- The Washington Times - Tuesday, December 9, 2008

Last week, The Washington Post reported on President-elect Barack Obama‘s plan to convert his campaign’s massive digital database of millions of supporters’ contact and background data into a location that will permit him to legally use that data as a tool of persuasion for his governing effort. The Post accurately characterized it as the most important presidential exploitation of a new technology for political purposes since FDR used the then new radio technology to talk to, persuade and galvanize for his political advantage the American public back in the 1930s.

As someone who did political communications and policy work on Ronald Reagan‘s White House staff, I can only be admiring of the tremendous political power that these new tools place in Mr. Obama’s hands. We spent our years constantly trying to get Mr. Reagan’s message to the public without having to go through the distorting lens of the Washington press corps. We made huge efforts to try to communicate with specific segments of the public.

If we could have merely pressed a button and made immediate, direct, unfiltered contact with tens of millions of our strongest supporters (or any and all demographically and politically sliced and diced pieces of them), I would have thought I had gone to political operative heaven.

Of course, what would have been heaven for us would have been hell for the political opposition. But if we Reaganites didn’t have such a technology, our Democratic opposition didn’t have any technology of their own, either - so at least it was a fair fight. (Although the conventional Washington media leaned toward the Democrats.)

But today, the conservative opposition to liberalism (in all its political, academic, and media guises) at least has talk radio as a strong voice to our constituencies that has helped balance the advantage the liberals get from mainstream media bias. And we would have that technology to help counter the communicating power of Mr. Obama’s new mechanisms.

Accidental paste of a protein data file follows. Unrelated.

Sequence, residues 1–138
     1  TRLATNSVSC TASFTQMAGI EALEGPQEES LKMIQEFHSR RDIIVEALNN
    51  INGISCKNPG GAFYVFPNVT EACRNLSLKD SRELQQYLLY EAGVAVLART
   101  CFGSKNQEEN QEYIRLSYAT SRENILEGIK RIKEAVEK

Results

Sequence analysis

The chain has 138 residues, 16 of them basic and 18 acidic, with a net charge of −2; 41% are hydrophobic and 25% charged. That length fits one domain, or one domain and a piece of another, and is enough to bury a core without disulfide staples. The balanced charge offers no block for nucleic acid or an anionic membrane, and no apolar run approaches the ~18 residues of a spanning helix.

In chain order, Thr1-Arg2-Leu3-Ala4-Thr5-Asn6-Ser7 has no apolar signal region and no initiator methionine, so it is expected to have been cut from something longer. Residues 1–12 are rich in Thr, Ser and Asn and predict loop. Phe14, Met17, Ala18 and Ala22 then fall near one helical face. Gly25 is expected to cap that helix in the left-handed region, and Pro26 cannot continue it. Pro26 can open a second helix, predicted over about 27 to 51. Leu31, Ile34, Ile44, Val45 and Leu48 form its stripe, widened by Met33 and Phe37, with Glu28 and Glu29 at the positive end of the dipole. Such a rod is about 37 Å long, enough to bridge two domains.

So it is a political fact of the highest significance that the Democratic Party leaders - and perhaps the politically shrewd president-elect himself - want to legally kill conservative talk radio by reinstituting the deceptively misnamed “Fairness Doctrine” (or perhaps the equally lethal to conservative talk-radio doctrine of localism).

If they succeed at the foregoing they would come dangerously close to silencing their political opposition. Such a calculated stacking of the political communications deck would, functionally, constitute an even more effective act of repressing dissent than Woodrow Wilson’s World War I policy of putting war dissenters in prison.

For most of our history, and until very recently, it was more often than not American liberals who stood in the watchtowers to defend dissent - both theoretically and functionally (e.g., Emerson, Thoreau, Lucy Stone, Frederick Douglass, Mother Jones, Maurice Garvey, Woody Guthrie, Martin Luther King Jr., Caesar Chavez, Abbie Hoffman, Cindy Sheehan).

However, when House Speaker Nancy Pelosi was asked at a Christian Science -Monitor press breakfast in June whether she would support efforts to keep the talk-radio-killing-Fairness Doctrine from being re-established, she replied that “the interest in my caucus is the reverse” and that New York Democratic Rep. “Louise Slaughter has been active behind this [revival of the Fairness Doctrine] for a while now.” “Do you personally support revival of the ‘Fairness Doctrine?’ ” she was asked. “Yes,” she replied.

Now, there is no ambiguity about this issue. The Fairness Doctrine would require every show to be balanced in its political opinion - thus ending the viability of any business plans for a successful, either liberal or conservative, radio host. But, because almost all successful talk radio shows are conservative, liberal Democrats are trying to kill it. They have been explicit. They say they want to take Rush Limbaugh’s voice off radio, along with the other leading conservatives.

For sheer shabbiness and moral squalor it is hard to improve on Mrs. Pelsoi’s revealing words: “The interest in my caucus is the reverse.” She offers not even an obeisance to a principled argument. Just the raw political fact that free speech and dissent via talk radio is not in the “interest” of her parliamentary “caucus.”

The downward path of liberalism can be charted from the martyr’s sacrifice of King to the political bully’s grunt of Mrs. Pelosi. Liberalism, once the champion of man’s noblest human instinct for political freedom, is now just a self-admitted machine for power accumulation.

I suppose the rotating of liberalism and conservatism into the power of national office gives each cause the opportunity, in its turn, to re-learn the honor of defending dissent in a representative republic such as ours. Now it is the turn of the conservatives. So, as the liberals leave the watchtowers of freedom, conservatives are taking up our duty.

Among the new occupants in the watchtower is the Media Research Center, which has formed the Free Speech Alliance to defend dissent by organizing a grass roots opposition to the re-enactment of the Fairness Doctrine.

Tony Blankley is a syndicated columnist.

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